mage Credit: [Raspberry Pi/ShoeMedia]

If you have a Raspberry Pi 4, you can now train a custom AI model on your SBC using Edge Impulse’s cloud-based development platform. The platform is specially made for machine learning on ‘edge’ devices.

Raspberry Pi is a very powerful tiny SBC (Single Board Computer). Until now, if you have wanted to develop your own embedded machine-learning applications, it was really difficult to do on the Pi. Now, all of that has changed.

Just yesterday, the cloud-based development platform, Edge Impulse, announced that its diving into embedded Linux with complete support for the Raspberry Pi 4. Now, users can upload data and train their own custom machine-learning algorithms in the cloud. Then, they can deploy them back to their Raspberry Pi.

Now, there are four new machine-learning SDKs (Software Development Kits that you can get for Raspberry Pi. These include C++, Go, Node.js and Python. This variety allows users to program their own machine learning-based applications. Support for object detection is baked right in, so all you need is a camera module for your Raspberry Pi and you are good to go.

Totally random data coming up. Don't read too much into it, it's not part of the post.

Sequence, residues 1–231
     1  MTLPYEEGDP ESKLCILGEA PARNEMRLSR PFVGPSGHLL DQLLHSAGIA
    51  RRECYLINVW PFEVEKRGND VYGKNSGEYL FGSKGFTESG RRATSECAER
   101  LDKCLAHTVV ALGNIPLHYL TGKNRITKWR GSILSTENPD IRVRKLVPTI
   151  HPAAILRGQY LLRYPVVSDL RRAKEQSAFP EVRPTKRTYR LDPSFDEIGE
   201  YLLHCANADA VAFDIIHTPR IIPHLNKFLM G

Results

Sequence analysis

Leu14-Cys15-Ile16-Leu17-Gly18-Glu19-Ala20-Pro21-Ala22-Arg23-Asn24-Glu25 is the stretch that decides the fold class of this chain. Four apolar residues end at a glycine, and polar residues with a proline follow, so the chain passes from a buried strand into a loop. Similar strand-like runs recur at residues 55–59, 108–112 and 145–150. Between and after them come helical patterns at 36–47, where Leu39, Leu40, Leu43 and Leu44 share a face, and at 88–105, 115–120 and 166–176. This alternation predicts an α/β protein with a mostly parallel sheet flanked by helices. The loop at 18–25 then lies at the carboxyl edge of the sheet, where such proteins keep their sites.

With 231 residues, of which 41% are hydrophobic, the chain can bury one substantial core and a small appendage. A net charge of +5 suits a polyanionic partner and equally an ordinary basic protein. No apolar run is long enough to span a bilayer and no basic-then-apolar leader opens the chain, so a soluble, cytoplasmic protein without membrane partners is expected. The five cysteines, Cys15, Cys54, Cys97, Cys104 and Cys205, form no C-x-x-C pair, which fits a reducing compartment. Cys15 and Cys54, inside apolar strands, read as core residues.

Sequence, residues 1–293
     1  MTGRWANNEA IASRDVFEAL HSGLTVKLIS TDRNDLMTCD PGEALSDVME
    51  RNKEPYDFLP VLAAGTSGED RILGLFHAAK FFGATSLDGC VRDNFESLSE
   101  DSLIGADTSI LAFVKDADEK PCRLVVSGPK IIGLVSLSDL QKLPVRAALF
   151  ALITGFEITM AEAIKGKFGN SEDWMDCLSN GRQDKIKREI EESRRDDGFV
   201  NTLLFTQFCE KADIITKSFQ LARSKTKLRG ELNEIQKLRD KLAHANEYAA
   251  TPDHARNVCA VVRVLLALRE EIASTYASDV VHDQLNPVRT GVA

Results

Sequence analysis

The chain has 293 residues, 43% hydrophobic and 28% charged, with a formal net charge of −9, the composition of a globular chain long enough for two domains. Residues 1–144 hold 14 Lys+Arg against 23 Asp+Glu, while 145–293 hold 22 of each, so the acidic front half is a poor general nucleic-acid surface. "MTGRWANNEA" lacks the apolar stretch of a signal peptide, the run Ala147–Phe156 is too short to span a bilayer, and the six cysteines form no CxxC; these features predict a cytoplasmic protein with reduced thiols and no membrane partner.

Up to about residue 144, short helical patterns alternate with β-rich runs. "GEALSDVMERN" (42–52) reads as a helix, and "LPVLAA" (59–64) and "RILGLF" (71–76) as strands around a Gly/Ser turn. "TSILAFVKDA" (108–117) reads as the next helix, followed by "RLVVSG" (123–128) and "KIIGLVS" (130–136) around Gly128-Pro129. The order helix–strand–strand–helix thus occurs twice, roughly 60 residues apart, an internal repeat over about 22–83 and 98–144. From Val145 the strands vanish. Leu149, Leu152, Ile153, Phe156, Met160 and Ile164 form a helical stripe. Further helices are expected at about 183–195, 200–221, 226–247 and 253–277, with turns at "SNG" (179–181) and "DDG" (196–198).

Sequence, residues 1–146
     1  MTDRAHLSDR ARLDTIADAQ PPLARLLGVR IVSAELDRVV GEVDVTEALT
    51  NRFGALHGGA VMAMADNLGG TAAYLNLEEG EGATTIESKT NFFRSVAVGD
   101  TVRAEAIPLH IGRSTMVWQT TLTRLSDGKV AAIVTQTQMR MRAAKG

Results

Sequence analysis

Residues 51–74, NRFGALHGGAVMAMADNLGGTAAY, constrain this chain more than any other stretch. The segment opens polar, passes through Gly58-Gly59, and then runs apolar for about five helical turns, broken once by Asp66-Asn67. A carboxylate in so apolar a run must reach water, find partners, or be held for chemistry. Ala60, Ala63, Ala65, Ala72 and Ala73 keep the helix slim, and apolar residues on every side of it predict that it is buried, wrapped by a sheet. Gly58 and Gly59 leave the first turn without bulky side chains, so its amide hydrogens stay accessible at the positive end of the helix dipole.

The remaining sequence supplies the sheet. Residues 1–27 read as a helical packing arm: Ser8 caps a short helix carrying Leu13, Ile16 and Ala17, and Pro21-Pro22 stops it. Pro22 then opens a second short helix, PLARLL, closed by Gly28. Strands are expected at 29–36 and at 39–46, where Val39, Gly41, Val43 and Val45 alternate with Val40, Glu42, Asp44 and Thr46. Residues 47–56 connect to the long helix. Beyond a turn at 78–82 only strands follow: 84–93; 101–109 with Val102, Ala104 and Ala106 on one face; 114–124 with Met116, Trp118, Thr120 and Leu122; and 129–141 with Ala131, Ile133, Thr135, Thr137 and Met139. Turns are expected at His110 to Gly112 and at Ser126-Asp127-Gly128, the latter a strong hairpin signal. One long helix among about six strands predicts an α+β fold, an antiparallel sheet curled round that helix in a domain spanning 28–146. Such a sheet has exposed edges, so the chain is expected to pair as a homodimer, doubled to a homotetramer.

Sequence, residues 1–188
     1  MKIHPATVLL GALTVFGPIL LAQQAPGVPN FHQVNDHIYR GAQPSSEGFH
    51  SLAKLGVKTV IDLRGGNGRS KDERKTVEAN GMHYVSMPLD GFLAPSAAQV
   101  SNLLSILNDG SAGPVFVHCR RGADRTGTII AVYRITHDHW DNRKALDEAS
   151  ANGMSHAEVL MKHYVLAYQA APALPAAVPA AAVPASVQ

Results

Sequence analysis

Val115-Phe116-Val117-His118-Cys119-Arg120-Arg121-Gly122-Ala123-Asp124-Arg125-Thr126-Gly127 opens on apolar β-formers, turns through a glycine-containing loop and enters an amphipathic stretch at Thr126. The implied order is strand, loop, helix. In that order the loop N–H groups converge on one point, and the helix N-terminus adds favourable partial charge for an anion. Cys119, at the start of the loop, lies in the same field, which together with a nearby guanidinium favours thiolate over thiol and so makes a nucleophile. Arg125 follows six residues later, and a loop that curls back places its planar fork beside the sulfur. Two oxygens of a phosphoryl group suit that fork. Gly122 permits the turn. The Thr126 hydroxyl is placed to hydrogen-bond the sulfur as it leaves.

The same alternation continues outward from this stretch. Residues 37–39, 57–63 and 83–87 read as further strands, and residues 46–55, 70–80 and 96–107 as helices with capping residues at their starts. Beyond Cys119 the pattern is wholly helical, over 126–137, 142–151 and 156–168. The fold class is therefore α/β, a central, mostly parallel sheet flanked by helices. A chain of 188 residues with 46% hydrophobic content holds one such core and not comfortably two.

This lets developers build custom computer vision applications using either the Raspberry Pi camera or by plugging a USB webcam.

New machine-learning capabilities are demonstrated in the video put out by the company. It shows engineers building a system that is capable of recognizing multiple objects through a camera.

In addition to being able to collect data from a camera microphone, the new SDKs lets users gather data from any sensor that is connected to Raspberry Pi. This includes, but is not limited to, accelerometers, magnetometers, motion sensors, humidity and temperature sensors.

This Edge Impulse announcement offers two important components. One is the cradle-to-grave framework for collecting data and training models. The other is the ability to deploy these custom models at the edge, together with a layer of abstraction.

Increasingly we’re seeing deep learning eating software as part of a general trend towards increasing abstraction, sometimes termed lithification, in software. Which sounds intimidating, but means that we can all do more, with less effort. Which isn’t a bad thing at all.

Alasdair Allan – Raspberry Pi technical documentation

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